A number of American football players insist they will be untroubled if a teammate comes out.
Presently there are no out athletes in the National Football League. However, as reported by the blog Outsports, many players, even those new to the professional game, expressed support for a gay peer.
The blog's writer, Cyd Zeigler, attended the NFLPA Rookie Premiere and interviewed approximately a dozen up and coming football stars. The athletes shared stories of having either gay family or friends, or having a gay teammate. None expressed any doubts about playing side by side with a gay man.
Robert Griffin, III was picked second in the NFL Draft (an opportunity for professional teams to choose college players). Last year he was the standout of Baylor University's football team, and won the 2011 Heisman Trophy. He told the blog a story of a player on his high-school team who came out. Unfortunately the student stopped playing (Griffin thinks it might have been due to 'negative feedback'); however, the Washington Redskins rookie quarterback learned the game doesn't change with gay teammates.
'Just because they’re gay doesn’t mean they’re hitting on you,' he said.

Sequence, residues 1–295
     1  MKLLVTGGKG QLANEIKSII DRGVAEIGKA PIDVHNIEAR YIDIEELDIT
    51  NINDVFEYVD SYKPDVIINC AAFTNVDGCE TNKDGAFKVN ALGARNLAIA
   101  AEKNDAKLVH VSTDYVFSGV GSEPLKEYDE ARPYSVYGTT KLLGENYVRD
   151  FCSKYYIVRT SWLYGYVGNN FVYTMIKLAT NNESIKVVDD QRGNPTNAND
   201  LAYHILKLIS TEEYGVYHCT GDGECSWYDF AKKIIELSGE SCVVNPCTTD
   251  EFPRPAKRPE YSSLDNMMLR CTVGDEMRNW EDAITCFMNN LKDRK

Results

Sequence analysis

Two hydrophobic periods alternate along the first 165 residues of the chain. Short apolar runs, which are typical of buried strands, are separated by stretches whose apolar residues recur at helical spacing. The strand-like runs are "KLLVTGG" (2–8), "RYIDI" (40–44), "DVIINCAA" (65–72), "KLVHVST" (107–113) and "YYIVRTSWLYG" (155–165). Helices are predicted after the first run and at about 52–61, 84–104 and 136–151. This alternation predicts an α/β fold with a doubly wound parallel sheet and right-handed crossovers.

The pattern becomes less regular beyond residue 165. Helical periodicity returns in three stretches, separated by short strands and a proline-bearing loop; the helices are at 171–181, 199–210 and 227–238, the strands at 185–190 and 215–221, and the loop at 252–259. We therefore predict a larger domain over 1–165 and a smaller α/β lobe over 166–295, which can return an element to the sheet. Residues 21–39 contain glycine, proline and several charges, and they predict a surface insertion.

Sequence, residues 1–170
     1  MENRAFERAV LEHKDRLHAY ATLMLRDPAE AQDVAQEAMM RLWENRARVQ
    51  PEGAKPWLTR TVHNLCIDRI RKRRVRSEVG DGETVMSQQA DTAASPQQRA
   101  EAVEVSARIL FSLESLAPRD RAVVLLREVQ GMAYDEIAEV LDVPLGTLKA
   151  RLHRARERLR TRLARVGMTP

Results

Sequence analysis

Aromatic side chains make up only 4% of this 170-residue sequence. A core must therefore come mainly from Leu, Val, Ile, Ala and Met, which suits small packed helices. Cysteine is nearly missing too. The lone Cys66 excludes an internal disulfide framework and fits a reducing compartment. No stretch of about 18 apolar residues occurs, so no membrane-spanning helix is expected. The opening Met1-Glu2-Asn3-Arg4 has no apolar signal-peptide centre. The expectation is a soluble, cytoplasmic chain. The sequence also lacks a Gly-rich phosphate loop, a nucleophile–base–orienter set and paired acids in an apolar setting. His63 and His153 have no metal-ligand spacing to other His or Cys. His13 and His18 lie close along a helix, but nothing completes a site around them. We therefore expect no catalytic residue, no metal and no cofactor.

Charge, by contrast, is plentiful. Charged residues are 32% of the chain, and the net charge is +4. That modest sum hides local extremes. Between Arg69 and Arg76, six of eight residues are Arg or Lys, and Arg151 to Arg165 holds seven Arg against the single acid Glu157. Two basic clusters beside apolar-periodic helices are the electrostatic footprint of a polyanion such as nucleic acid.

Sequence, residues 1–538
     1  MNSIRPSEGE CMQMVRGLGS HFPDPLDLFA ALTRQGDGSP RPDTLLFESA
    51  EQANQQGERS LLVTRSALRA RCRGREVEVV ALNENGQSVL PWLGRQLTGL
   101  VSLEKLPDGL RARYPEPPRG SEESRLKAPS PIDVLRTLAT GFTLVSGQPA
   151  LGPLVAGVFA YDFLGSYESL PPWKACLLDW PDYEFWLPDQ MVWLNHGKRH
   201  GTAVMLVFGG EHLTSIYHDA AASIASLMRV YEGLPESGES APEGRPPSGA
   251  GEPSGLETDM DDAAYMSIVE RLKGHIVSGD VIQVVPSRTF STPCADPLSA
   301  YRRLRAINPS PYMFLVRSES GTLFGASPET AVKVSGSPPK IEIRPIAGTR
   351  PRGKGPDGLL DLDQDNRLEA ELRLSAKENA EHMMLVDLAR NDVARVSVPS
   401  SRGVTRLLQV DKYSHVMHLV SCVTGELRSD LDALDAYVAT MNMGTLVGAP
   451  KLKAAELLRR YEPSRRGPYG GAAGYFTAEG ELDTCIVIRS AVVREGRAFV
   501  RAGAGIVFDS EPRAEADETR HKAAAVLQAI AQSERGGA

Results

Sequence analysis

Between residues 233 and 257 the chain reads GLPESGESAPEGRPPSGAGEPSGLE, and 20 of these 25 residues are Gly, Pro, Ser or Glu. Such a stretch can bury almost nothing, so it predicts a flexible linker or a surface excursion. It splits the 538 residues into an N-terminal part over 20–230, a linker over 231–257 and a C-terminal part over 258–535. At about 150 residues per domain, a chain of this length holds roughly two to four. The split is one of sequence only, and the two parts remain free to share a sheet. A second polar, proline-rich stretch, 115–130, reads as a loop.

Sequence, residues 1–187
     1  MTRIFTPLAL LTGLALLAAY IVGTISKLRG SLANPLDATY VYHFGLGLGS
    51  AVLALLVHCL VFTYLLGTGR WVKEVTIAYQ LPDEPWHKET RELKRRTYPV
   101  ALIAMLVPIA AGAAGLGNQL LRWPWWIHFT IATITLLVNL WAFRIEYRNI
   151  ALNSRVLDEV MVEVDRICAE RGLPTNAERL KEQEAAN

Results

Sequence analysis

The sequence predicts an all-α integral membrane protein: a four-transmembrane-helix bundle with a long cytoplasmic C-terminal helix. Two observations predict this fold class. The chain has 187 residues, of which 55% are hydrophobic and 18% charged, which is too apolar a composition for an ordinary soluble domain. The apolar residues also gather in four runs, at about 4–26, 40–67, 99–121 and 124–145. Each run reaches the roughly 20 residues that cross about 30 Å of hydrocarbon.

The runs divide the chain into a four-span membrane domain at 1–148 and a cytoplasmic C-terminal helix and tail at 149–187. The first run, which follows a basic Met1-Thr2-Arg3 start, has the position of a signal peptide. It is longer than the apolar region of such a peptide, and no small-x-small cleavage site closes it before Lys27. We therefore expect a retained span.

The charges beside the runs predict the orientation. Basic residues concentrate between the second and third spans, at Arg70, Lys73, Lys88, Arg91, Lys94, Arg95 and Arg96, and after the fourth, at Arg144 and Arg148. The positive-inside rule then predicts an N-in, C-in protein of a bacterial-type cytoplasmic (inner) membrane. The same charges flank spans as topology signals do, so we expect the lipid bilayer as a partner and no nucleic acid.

All of the athletes interviewed echoed the sentiments of Trent Richardson. His college team, Alabama University, won two national championships, and he will play for the Cleveland Browns in the fall (American football is played in the autumn and early winter).
'I never pay attention to it,' Richardson said, noting he has gay friends. 'They do what they do. I don’t have a problem with them. As long as they’re playing good football and contributing to the team, I don’t have nothing to do with that. It is what it is. I don’t have any problem with any sexuality or whatever they’ve got going on. That’s them. That’s what they want to do. That’s their life.'
A handful of NFL players have come out, but only after they retired.